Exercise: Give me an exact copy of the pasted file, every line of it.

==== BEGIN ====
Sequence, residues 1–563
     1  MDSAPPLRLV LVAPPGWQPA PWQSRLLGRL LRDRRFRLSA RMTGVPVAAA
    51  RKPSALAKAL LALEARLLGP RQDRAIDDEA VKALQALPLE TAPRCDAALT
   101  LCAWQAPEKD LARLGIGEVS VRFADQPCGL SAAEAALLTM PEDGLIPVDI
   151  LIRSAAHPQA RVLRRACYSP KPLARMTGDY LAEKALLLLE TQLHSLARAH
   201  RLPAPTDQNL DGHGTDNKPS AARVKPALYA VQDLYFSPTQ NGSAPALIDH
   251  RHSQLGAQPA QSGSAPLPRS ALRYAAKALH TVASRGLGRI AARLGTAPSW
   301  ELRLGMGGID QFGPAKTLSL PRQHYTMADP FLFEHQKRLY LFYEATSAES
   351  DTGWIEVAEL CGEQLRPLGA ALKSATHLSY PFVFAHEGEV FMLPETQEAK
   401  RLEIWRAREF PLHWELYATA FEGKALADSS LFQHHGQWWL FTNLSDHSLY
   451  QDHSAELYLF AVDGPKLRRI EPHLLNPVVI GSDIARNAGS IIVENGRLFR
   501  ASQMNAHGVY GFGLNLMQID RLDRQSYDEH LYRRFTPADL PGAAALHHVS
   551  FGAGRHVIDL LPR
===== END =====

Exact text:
Sequence, residues 1–563
     1  MDSAPPLRLV LVAPPGWQPA PWQSRLLGRL LRDRRFRLSA RMTGVPVAAA
    51  RKPSALAKAL LALEARLLGP RQDRAIDDEA VKALQALPLE TAPRCDAALT
   101  LCAWQAPEKD LARLGIGEVS VRFADQPCGL SAAEAALLTM PEDGLIPVDI
   151  LIRSAAHPQA RVLRRACYSP KPLARMTGDY LAEKALLLLE TQLHSLARAH
   201  RLPAPTDQNL DGHGTDNKPS AARVKPALYA VQDLYFSPTQ NGSAPALIDH
   251  RHSQLGAQPA QSGSAPLPRS ALRYAAKALH TVASRGLGRI AARLGTAPSW
   301  ELRLGMGGID QFGPAKTLSL PRQHYTMADP FLFEHQKRLY LFYEATSAES
   351  DTGWIEVAEL CGEQLRPLGA ALKSATHLSY PFVFAHEGEV FMLPETQEAK
   401  RLEIWRAREF PLHWELYATA FEGKALADSS LFQHHGQWWL FTNLSDHSLY
   451  QDHSAELYLF AVDGPKLRRI EPHLLNPVVI GSDIARNAGS IIVENGRLFR
   501  ASQMNAHGVY GFGLNLMQID RLDRQSYDEH LYRRFTPADL PGAAALHHVS
   551  FGAGRHVIDL LPR